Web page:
Siddharth PatilBroad Street in Newark, NJCC0 1.0

By Bradford Mason

As New Jersey begins opening back up, Newark Mayor Ras Baraka outlines plans for a phased reopening of his city that is slated to start in June.
Newark continues to be one of the hardest hit places in the nation by COVID-19 with the city seeing over 4,000 confirmed cases of the virus. Baraka said at a recent news conference that the first phase of the reopening is being called a “preparation.” Gov. Phil Murphy lifted some stay at home restrictions with the allowing stores to do curbside pickup, construction resuming and opening state beaches.

“Phase One is about us getting prepared to open. We’re advancing, but it also gives us room to retreat if the numbers go back up,” Baraka said. “Our top priority is the health and safety of our residents.”  

Baraka said his decision is based on data that shows a continued decline in COVID-19 cases and from the recommendations of the “Newark Reopening and Recovery Strikeforce.” The data collected shows while Newark has increased testing 100 percent, the percentage of people who have tested positive has dropped dramatically, as well as reported cases and deaths.

As word from state officials that some businesses were permitted to reopen, Baraka said he received reports of some business owners not following social distancing guidelines to serve customers and the city closed them.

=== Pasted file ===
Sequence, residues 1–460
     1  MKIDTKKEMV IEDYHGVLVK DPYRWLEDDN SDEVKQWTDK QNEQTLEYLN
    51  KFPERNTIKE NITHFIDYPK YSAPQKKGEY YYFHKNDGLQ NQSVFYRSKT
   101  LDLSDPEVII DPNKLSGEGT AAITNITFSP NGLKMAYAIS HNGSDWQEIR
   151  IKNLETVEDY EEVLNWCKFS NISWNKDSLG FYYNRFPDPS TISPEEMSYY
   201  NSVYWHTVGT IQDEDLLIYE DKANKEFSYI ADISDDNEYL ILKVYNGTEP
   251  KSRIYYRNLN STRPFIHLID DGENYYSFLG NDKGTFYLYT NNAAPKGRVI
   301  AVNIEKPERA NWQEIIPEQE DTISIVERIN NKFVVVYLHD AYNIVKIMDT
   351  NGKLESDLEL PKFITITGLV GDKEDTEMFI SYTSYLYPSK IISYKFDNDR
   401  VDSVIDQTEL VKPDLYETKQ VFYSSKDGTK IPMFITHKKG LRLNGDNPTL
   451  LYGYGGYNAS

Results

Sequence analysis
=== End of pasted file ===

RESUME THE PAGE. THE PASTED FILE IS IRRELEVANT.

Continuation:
“We shut down most of those stores yesterday, gave them an application to fill out, and told them they had to fill out an application and come up with a plan with how they’re going to do the curbside,” he said. “Because they have people who are trying on sneakers on the sidewalk, as I imagined, people trying on pants on the sidewalk, people getting their nails done on the sidewalk.”

As part of Phase One, Newark will institute a color-coded system for consumers to decide where they want to do businesses based on the risks involved. Businesses, restaurants, parks and other public places will display color-coded signage, with red being the highest risk area, yellow more moderate, and green the lowest risk area.

The Mayor gave the example of basketball courts probably being coded red because of the crowds and the nature of the game which does not favor social distancing.
“We want people to know if you go to these places, you run a high risk of getting sick,” he said.
Other Phase One components include:
  • Recreation centers, parks and playgrounds will remain closed; block parties and special events will remain on hold. All faith-based services can be held via teleconference or virtually. 
  • Information centers will be established in each ward and 4311 will be expanded to include a dedicated COVID-19 information hotline. Additionally, a technology task force will be created to develop a sustainable citywide strategy for universal access to Wi-Fi and the hardware necessary for remote learning.
  • An isolation and quarantine plan will be developed for those who cannot create one themselves. Guidance will be provided around emotional hurdles and fears related to medical mistrust.
  • Lastly, letters will be sent to all businesses requesting plans to ensure the safety of their employees and the general public. City licensing, approvals and permitting processes will be adjusted to streamline what can be expedited and waived.

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